There exists a very exclusive club of tennis coaches; a club whose members have trained a junior player to a Grand Slam title. Members include Toni Nadal (Rafael Nadal), Ian Barclay (Pat Cash), Antonio Martinez (Juan Carlos Ferrero), Luis Bruguera (Sergi Bruguera), Larry Passos (Gustavo Kuerten), Lennart Bergelin (Bjorn Borg), Nick Bollettieri (Andre Agassi) and Ronnie Leitgeb (Thomas Muster).
One thing that I have found quite interesting about Ronnie Leitgeb’s coaching background is that he does not come from the traditional tennis coaching pathway. Ronnie Leitgeb’s sports history is that of a professional figure skater. However, Leitgeb did have knowledge of tennis as he was a sports radio commentator. It was thanks to Wojtek Fibak who linked Leitgeb and Muster together. Ronnie Leitgeb may not have had technical knowledge of tennis, but he possessed a great vault of information in sports science and mental training. Plus, Leitgeb brought an Olympian work ethic to training that was uncommon to most tennis coaches at the time.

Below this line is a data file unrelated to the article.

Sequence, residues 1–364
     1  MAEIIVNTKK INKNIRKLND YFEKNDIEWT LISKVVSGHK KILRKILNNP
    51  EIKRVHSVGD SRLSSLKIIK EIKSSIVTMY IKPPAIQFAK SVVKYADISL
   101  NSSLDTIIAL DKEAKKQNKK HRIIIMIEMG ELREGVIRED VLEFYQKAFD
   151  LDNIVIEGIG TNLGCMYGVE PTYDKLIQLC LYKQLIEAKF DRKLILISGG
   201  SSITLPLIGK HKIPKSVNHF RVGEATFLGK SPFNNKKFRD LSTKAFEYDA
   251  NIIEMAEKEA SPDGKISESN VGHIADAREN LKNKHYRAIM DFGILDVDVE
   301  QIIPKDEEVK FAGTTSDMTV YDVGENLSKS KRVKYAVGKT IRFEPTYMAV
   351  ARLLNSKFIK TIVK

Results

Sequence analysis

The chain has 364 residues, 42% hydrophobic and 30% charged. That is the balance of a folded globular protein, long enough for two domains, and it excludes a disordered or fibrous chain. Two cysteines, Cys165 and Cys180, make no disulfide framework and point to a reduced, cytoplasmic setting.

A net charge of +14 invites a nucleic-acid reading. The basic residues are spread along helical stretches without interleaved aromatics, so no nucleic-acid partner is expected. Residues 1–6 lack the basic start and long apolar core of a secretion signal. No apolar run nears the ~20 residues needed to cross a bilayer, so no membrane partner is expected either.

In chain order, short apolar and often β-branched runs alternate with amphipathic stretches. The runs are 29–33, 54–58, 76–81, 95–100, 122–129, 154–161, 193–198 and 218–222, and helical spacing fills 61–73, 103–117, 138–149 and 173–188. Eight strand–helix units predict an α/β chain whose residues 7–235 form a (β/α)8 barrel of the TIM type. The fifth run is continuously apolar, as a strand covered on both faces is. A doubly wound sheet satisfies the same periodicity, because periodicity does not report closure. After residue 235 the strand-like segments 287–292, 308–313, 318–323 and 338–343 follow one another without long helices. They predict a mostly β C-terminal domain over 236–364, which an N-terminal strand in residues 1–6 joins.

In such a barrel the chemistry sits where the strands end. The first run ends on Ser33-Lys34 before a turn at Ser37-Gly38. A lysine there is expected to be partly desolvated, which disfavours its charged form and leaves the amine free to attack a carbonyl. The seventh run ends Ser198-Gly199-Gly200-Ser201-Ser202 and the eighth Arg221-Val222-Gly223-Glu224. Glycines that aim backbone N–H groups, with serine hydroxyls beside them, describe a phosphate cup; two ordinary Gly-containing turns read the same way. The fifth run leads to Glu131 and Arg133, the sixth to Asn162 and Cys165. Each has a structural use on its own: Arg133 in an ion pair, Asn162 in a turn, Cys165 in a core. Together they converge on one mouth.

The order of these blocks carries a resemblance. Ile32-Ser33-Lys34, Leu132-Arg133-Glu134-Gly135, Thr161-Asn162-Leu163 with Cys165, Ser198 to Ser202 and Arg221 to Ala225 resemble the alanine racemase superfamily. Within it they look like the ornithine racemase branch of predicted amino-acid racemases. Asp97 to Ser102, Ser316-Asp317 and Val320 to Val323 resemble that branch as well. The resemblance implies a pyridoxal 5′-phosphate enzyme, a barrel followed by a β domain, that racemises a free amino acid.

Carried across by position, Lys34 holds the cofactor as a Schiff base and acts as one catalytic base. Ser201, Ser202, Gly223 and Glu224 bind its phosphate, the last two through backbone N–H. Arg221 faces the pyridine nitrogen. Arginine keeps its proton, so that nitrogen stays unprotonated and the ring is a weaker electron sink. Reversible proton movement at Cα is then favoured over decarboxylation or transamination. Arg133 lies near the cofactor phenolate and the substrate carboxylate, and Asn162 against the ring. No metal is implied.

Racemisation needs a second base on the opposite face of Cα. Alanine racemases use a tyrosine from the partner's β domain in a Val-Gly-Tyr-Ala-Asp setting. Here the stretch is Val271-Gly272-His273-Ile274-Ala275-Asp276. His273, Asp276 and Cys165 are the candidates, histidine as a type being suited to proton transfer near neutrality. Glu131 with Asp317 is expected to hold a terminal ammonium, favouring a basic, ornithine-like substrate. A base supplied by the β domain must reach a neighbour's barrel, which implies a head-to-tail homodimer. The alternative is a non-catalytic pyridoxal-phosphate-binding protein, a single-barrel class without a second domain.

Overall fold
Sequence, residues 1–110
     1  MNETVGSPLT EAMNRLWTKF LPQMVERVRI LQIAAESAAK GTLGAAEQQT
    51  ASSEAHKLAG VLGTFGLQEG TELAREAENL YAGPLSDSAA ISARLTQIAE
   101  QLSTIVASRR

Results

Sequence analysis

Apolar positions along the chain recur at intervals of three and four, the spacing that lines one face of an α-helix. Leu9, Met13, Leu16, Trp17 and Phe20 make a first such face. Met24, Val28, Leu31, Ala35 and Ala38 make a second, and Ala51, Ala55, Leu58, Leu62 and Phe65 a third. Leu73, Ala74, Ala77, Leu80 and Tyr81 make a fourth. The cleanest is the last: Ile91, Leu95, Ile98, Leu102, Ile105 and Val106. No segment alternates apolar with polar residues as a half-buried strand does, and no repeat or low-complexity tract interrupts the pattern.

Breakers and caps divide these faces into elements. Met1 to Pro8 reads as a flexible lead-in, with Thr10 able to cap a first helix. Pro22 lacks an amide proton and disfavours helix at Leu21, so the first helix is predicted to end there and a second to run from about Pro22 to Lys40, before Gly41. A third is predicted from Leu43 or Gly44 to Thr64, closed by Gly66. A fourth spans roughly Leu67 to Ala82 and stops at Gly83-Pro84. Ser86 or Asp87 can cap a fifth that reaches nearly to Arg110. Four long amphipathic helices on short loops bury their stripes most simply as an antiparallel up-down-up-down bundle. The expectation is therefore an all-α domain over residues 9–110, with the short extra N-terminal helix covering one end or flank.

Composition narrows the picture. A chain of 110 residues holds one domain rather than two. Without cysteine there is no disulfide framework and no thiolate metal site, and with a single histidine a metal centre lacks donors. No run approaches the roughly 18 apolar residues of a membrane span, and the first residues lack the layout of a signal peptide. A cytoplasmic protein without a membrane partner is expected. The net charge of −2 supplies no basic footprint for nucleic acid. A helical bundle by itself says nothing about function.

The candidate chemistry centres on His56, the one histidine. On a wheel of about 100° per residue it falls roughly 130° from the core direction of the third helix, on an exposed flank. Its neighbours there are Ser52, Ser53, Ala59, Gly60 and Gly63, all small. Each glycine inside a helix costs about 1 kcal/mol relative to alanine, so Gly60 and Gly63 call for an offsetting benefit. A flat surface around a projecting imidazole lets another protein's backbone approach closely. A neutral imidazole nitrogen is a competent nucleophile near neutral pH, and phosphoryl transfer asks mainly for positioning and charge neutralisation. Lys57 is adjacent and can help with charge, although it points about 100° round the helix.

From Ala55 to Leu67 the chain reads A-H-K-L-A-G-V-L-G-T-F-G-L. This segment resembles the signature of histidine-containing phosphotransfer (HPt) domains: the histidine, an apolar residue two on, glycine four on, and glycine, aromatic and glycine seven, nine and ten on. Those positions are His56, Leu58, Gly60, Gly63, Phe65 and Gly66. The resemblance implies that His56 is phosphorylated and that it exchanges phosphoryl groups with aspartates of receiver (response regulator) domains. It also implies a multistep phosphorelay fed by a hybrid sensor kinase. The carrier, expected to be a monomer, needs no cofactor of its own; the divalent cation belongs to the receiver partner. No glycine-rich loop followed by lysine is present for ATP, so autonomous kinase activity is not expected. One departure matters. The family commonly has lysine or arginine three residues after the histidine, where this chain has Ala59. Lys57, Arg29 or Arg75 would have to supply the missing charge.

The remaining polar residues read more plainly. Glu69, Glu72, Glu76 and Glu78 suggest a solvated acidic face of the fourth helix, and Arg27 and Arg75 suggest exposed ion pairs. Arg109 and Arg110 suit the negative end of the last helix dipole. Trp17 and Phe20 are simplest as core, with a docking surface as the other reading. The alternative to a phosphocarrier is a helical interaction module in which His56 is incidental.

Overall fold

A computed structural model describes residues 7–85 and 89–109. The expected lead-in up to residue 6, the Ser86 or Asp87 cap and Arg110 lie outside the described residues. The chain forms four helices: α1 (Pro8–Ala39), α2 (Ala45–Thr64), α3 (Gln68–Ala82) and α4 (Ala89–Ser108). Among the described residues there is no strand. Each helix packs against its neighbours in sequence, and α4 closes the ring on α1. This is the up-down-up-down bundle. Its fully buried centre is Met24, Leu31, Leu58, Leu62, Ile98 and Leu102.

ELITE: How did you deal with Muster on the disappointment of the car accident which tore up his knee?
Leitgeb: The mindset I had with Thomas after the accident was, we were not going to wait for a normal rehab. Ok, you have a damaged knee, but it does not mean that you can not improve in your upper body, or mental training or tactics. The challenge was to see how we could improve in other areas.
Tennis is a complex sport that involves dedication to four areas: technique, tactic, physical conditioning and mental. When you improve in one area, you find you need to improve in another area. Or to put it another way, if a player is losing close matches in the final set it might be mental, or it could also be that he is not fit enough.